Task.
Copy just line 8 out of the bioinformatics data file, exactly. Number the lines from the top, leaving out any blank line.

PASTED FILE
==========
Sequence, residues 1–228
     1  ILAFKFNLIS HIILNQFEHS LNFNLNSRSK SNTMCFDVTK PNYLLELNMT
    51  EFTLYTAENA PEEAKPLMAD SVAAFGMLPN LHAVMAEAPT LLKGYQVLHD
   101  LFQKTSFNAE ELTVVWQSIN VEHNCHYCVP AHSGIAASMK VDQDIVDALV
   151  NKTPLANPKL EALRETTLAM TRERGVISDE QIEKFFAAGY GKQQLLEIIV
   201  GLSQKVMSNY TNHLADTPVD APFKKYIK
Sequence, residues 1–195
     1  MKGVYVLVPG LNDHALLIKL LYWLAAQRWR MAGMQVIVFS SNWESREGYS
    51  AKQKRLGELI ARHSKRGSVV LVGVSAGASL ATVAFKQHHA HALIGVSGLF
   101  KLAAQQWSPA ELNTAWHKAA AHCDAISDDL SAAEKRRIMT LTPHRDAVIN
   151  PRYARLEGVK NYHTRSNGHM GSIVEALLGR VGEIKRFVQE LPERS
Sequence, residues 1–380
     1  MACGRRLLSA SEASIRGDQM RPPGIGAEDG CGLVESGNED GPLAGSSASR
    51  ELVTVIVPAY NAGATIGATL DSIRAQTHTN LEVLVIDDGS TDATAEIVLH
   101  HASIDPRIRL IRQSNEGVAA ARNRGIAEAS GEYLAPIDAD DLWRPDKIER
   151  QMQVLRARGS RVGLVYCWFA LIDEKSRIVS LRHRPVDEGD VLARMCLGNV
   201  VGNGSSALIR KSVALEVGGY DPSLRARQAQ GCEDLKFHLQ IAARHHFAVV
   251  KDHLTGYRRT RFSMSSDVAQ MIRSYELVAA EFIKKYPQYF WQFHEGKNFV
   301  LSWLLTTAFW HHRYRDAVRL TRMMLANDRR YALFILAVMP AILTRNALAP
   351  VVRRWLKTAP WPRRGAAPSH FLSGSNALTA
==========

     1  MKGVYVLVPG LNDHALLIKL LYWLAAQRWR MAGMQVIVFS SNWESREGYS